I will admit having become ridiculously excited about The Booker prize this year, mostly based on having read one of the titles before the list was announced. I can’t remember the last time I was so in tune with the judges! As for the actual short list, see below for titles and my views so far.
I finally caught up with this, my first Anne Tyler novel, long after it was the last book left on my 2015 Bailey’s short list reading. Following several generations of the Whitshank family who ‘like most families … imagined they were special‘, the novel is a wry take on the nuclear family. We learn about the Whitshanks’ habits and the stories they tell themselves, and then the habits are shaken and the stories critically unpicked. Although some truths are shown to be as valid as they are clichèed others are revealed to be more complex and nuanced then either outsiders or insiders could imagine. To a novice like myself, it’s also a book that shows off Tyler’s skill in pacing and structure. The spool of blue thread in the title does refer to a specific piece of sewing, but the colour blue, in all of its bright, fresh cheapness becomes a wonderfully developed theme throughout. It’s not the flashiest book on the short-list, but that doesn’t mean it won’t win.
I read this as an e-book which wrong-footed me firstly because I didn’t have this excellent cover to ease me into the themes and also because it meant I had no idea quite how long it was! It was kindly recommended by Karen at BookerTalk as a possible plane read and, after she mentioned it, I suddenly noticed all of the rave reviews everywhere. ‘A Little Life’ starts as the sprawling narrative of four friends and you get to know three of them pretty well before the emotional weight really hits. When you start to discover the terrible sufferings of the secretive Jude, you’ll see where the book has found its fans. The descriptions of sadism, abuse and trauma are both shocking and compelling. Personally, I frequently found them almost impossible to read. The American book cover gives some indication of the kind of pain presented, the UK cover doesn’t, so I recommend making sure you know what you’re in for. This book has been on several top read lists of the year and is the bookies favourite to win.
This is the first book by a Jamaican born novelist to be in the running for the Booker, but you shouldn’t read it for that reason. You should read it because it’s great! Although it’s another of those ironically titled weighty tomes (‘A Little Life’, ‘A Brief History’) its frenetic pace makes for an incredibly speedy read. It starts with the historical fact that Bob Marley was very nearly assassinated two days before giving a Peace Concert in the run up to the 1976 Jamaican election. The politics, the poverty and Jamaica’s capacity for change are explored through short chapters focusing on different characters’ experiences. I really don’t have space to do it justice now, but it has been one of my top reads of the year so far (click here for a full review). It is rare for a book to both teach me so much about a topic while simultaneously making me aware of its complexity and the impossibility of easy answers. Its a real tour de force and I’m only concerned that my enthusiasm with jinx things because I’m historically terrible at picking winners.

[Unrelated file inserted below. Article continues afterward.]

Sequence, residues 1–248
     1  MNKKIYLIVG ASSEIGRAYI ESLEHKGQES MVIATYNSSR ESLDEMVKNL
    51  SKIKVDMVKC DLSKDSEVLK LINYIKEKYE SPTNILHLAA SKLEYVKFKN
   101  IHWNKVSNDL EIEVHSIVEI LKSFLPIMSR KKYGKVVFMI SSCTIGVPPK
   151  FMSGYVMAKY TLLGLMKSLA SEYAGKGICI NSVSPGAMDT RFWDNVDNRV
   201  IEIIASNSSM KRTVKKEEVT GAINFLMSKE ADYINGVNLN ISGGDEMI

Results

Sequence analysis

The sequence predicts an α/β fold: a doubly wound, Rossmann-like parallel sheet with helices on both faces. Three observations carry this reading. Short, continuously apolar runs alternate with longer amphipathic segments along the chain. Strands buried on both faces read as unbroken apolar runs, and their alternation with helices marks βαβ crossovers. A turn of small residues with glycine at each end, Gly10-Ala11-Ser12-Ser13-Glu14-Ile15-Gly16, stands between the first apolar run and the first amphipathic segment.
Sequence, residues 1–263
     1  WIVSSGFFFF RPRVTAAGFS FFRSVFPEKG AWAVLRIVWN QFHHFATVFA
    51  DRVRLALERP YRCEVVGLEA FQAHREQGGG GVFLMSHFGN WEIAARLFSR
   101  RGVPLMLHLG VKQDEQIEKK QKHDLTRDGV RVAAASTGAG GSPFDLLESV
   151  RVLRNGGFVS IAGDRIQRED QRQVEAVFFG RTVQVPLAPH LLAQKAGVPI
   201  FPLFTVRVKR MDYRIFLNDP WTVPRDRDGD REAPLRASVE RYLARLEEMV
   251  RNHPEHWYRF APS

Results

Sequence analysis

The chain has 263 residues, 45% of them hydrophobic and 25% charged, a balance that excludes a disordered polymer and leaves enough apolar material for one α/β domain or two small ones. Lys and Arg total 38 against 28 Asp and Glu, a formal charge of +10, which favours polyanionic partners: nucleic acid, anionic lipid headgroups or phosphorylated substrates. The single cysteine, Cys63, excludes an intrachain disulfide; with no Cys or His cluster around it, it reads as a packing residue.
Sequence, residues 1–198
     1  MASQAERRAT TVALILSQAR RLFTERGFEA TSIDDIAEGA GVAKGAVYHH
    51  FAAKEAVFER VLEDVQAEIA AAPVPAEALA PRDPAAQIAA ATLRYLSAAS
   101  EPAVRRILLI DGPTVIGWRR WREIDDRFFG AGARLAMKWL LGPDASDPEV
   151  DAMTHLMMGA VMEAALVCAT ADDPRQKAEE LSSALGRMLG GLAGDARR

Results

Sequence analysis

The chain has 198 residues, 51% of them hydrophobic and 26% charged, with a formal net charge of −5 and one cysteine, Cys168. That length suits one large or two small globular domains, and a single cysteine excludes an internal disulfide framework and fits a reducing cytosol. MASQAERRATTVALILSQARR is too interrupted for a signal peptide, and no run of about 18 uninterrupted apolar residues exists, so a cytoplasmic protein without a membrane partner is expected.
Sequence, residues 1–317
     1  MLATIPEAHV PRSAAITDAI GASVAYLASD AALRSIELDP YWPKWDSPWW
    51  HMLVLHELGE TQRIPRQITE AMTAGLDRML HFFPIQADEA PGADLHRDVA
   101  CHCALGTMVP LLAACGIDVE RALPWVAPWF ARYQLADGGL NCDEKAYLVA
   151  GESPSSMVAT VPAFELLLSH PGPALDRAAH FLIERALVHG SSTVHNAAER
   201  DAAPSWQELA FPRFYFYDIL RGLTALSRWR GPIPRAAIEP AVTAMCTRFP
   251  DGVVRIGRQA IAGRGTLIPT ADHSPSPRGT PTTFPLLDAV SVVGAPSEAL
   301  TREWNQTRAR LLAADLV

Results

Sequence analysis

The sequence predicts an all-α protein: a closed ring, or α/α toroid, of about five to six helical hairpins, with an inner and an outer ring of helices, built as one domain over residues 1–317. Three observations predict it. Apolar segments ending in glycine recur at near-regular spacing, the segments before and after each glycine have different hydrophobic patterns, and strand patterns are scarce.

I haven’t actually read this yet. I nearly did though – when I realised it was the shortest book on the long-list and I was being optimistic about getting another Booker nominee under my belt. So far, all I know is that it has very very short chapters and seems to be all about a man dealing with first world problems (like too much information on the web and slow Skype connections). It’s possibly one to read after ‘A Little Life’ to show the other side of 2015 Booker angst. (Postscript: the book has now been read and you can read my review here).
Another book I haven’t read, but this time it’s one that I know about. The author was interviewed on the BBC’s Open Book over the summer so I already know it’s about a group of young men from India, desperately trying to find their place in the UK. It’s feels a very relevant book at the moment, dealing as it does with the plight of refugees. From all that I’ve read, Sahota does an excellent job of humanising characters who are too often absent from other narratives. It’s a book I’m looking forward to reading.
Thank goodness for Open Book, it was on an episode in spring that I heard an interview with Chigozie Obioma about his debut novel. It sounds great, a story about four brothers that’s also an allegorical tale about an external agent destroying a state of stability. There is a serious political message about the state of Nigeria, but also it apparently links back to the Western literary tradition, from magic realism to Shakespeare. Certainly a book to look out for. (this is another that I managed to read before 13th Oct, you can read the review here).
I hope everyone else is having as much fun with this as I am. Please let me know what you think of the short list. Which have you read, and what are your hopes for the winner?